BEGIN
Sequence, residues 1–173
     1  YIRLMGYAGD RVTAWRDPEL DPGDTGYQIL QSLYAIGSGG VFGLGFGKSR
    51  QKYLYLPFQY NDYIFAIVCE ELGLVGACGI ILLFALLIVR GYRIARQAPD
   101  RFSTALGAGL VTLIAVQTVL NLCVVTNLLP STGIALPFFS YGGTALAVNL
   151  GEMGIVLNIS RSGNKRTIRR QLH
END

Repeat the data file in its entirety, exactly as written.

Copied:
Sequence, residues 1–173
     1  YIRLMGYAGD RVTAWRDPEL DPGDTGYQIL QSLYAIGSGG VFGLGFGKSR
    51  QKYLYLPFQY NDYIFAIVCE ELGLVGACGI ILLFALLIVR GYRIARQAPD
   101  RFSTALGAGL VTLIAVQTVL NLCVVTNLLP STGIALPFFS YGGTALAVNL
   151  GEMGIVLNIS RSGNKRTIRR QLH